Doug Austin: Forensic Examination by a Third-Party Expert Denied by Court

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Extract from Doug Austin’s article “Forensic Examination by a Third-Party Expert Denied by Court”

In Azenta, Inc. v. Andrews, No.: 22-cv-01952-JLS-JLB (S.D. Cal. Dec. 21, 2023), California Magistrate Judge Jill L. Burkhardt granted in part and denied in part the plaintiff’s motions, denying plaintiff’s request for a comprehensive forensic examination by a third-party expert, finding that “the burden of the additional costs to Andrews under Plaintiff’s protocol and the time both parties’ experts and counsel would expend substantially outweigh the benefit Plaintiff would likely receive”. However, she did order defendant Andrews and her counsel to “submit to Plaintiff a declaration(s) that lists all devices and accounts on which Plaintiff’s information may have been stored, accessed, deleted, or transferred.”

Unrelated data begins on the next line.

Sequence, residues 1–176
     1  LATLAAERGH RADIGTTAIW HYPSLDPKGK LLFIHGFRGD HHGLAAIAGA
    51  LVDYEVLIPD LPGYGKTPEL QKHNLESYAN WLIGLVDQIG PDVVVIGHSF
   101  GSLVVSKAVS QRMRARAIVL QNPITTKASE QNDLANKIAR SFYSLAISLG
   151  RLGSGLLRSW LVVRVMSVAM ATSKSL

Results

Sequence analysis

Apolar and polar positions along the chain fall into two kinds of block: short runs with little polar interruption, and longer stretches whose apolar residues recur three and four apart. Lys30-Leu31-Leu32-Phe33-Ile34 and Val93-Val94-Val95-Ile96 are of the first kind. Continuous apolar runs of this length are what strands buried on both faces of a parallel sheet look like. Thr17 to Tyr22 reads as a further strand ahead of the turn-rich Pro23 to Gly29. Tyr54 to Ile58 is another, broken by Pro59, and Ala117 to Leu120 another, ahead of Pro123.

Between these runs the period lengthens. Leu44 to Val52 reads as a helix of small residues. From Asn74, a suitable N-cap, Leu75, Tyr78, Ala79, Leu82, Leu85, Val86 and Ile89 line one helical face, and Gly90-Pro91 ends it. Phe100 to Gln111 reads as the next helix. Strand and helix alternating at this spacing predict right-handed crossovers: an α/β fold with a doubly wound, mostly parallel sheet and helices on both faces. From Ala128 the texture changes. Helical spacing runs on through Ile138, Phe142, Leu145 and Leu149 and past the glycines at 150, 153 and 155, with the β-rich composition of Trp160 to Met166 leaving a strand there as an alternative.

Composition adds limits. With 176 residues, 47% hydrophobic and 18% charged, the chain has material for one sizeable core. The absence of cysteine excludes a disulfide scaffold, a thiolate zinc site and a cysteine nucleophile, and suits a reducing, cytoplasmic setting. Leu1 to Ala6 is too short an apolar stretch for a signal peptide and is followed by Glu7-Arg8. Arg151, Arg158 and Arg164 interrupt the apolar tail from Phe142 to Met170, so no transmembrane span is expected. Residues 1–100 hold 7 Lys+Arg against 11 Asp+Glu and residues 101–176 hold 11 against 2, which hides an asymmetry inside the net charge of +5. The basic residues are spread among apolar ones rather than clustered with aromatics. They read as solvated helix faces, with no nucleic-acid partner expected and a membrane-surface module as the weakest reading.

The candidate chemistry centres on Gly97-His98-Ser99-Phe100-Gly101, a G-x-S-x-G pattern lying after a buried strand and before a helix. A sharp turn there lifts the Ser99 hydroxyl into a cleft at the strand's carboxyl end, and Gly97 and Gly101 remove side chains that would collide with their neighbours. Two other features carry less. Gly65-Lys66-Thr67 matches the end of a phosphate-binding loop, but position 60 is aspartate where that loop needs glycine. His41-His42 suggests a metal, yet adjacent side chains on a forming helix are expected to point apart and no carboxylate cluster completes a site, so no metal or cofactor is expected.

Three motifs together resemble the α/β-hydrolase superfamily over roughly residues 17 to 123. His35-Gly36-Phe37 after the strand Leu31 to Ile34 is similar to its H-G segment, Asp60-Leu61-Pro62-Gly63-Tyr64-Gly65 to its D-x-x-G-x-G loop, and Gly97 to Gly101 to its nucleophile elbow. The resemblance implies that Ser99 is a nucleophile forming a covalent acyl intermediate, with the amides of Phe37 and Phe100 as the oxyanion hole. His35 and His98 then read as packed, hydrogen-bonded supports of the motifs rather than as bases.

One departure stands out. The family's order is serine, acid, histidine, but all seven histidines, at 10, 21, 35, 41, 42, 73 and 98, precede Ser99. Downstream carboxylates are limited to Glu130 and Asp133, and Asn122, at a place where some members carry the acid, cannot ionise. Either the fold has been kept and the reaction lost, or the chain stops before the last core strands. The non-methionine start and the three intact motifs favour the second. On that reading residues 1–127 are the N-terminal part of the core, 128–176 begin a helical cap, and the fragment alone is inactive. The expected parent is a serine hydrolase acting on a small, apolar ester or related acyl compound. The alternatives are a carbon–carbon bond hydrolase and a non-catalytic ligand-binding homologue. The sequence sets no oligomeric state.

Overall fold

Case Background

This case involved allegations of misappropriation of trade secrets by a former employee of the plaintiff, who “downloaded and sent Plaintiff’s proprietary customer and billing information from her work email address to her personal email address at least five times” and failed to return her primary company laptop.

Defendants’ counsel engaged Epiq to obtain and analyze forensic images of several data devices of the defendant. Plaintiff had requested that Defendants allow “a neutral third party to monitor [Epiq’s] investigation” in order to “determine whether or not the search was full and complete”, but defendants refused. Epiq conducted a forensic analysis to determine if Andrews had downloaded, accessed, emailed or otherwise distributed a specific billings Excel spreadsheet, but found no evidence to indicate that it had. Epiq also “attempted to determine if the file or contents of the file were used within the LVL laptop or if the file … had perhaps been renamed so as to hide it from discovery.”

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